Last night, the Chicago Fire took on the incarnation of evil, otherwise known as the New England Revolution, in the second leg of the first round of the MLS playoffs. The Fire were down 2-1 from the first leg after a tough away loss at Gillette Stadium in front of a pitiful crowd of 7,416. The two teams have spent most of the past decade knocking each other out of the playoffs, so it’s pretty fair to say neither club is fond of each other.
As that crowd at New England indicates, MLS teams have traditionally had trouble selling playoff games: the sales model has long depended on group sales that require a lot of advance planning, and the short turnaround for playoffs makes this difficult.
On Saturday night in Chicago, the Fire turned this on its head by selling out Toyota Park with a crowd of 21,528, and the supporters’ sections were as vibrant as I can ever remember them. The team responded, with a 2-0 win sending the Fire to the Eastern Conference final, hosting Real Salt Lake next week at home.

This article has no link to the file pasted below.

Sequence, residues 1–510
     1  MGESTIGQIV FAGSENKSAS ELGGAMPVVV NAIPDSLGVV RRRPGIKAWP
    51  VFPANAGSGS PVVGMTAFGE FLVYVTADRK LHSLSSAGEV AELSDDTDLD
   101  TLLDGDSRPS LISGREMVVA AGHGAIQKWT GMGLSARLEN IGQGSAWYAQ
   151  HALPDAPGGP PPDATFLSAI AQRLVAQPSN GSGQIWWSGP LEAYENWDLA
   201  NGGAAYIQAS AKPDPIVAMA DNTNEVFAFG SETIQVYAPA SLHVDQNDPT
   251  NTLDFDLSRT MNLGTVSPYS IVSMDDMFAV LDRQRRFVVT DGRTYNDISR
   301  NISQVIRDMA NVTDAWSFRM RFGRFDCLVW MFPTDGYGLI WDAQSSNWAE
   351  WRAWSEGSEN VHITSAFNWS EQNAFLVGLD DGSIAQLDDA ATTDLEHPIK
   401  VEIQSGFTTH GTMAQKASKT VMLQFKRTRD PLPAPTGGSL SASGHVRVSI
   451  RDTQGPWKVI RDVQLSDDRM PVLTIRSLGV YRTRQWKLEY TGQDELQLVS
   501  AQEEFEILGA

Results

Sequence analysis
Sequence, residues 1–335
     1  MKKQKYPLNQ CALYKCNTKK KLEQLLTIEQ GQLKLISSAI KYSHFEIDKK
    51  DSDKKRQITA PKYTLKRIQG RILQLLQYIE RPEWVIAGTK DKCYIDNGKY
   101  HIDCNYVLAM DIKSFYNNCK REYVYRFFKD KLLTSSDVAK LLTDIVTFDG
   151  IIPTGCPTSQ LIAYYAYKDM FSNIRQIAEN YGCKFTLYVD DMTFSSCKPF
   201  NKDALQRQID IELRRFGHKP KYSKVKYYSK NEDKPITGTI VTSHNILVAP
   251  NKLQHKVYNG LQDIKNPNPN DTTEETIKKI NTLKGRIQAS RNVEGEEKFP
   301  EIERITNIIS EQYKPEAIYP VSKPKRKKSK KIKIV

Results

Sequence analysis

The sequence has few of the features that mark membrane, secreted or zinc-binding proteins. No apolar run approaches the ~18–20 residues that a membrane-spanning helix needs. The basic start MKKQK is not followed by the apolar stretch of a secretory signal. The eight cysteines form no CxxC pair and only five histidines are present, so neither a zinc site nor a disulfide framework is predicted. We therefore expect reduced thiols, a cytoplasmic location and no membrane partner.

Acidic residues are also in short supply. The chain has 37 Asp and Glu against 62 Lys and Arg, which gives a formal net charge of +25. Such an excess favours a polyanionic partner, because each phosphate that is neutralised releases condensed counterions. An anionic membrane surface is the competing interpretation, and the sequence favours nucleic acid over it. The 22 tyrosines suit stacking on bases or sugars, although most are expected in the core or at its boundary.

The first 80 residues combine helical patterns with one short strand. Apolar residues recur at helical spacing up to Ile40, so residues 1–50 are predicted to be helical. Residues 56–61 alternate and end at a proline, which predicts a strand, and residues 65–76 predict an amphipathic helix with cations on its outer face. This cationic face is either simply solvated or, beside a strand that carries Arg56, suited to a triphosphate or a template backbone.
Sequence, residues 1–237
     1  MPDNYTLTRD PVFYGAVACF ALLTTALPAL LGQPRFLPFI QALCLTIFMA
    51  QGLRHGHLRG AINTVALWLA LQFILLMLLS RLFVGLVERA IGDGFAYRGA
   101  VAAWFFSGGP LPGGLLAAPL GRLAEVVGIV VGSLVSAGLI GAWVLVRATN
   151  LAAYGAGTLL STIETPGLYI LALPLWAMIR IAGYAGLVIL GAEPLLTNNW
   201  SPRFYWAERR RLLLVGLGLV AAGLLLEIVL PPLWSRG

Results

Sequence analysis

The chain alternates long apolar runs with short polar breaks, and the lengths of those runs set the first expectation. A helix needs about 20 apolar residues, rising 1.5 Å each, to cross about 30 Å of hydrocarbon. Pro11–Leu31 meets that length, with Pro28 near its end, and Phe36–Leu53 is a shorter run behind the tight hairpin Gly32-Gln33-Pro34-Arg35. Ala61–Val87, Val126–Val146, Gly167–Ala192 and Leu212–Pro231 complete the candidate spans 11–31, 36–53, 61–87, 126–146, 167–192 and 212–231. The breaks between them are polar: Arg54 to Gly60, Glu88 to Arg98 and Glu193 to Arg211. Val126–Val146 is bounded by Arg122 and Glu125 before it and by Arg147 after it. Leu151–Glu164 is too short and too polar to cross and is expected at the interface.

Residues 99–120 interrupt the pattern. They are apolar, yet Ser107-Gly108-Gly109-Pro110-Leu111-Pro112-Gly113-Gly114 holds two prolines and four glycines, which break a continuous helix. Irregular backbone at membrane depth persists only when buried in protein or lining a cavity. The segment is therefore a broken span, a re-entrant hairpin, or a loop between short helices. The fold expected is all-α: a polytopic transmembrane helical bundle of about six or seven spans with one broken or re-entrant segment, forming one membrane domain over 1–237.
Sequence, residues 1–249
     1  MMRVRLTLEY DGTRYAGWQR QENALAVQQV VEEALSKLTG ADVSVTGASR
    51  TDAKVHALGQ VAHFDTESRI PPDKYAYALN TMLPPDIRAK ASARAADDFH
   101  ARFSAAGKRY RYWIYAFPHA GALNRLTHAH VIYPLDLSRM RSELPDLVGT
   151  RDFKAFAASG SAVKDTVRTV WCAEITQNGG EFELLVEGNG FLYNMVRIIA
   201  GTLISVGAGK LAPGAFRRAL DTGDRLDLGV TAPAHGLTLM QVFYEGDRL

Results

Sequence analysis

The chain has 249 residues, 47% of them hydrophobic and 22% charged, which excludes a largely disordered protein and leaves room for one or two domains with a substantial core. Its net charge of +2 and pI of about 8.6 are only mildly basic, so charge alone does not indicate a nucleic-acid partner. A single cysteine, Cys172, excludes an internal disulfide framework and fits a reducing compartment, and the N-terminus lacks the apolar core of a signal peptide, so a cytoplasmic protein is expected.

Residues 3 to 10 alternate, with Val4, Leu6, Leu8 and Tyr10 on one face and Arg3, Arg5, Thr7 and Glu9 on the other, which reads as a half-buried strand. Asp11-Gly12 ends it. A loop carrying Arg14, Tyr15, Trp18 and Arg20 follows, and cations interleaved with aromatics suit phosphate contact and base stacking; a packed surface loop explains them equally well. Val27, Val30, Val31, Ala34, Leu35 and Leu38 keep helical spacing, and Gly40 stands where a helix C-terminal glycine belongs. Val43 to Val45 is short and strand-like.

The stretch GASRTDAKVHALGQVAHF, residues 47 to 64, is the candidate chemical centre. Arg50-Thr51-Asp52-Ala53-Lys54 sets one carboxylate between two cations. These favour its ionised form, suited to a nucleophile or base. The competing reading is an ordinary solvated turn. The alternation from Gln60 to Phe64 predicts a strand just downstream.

As the Vice-Chair of Section 8 Chicago, the Chicago Fire’s Independent Supporters’ Association, I had the opportunity to observe it all close-up. Please forgive a little self-indulgence as I take you on a trip through the game.
Preparing for the Game
In the tunnel at Toyota Park, players pass the sign below on their way on to the pitch. Underneath the sign is a small chunk of old Soldier Field, where the Chicago Fire began play in 1998, winning the league and cup double in that inaugural season and putting the club on the road to what has become its hallmark: tradition, honor, passion.
That chunk is from Section 8, where different Fire supporters’ groups soon joined together to support the team. The name has stuck, though supporters now gather in sections 117 and 118 of Toyota Park, the Fire’s home since 2006.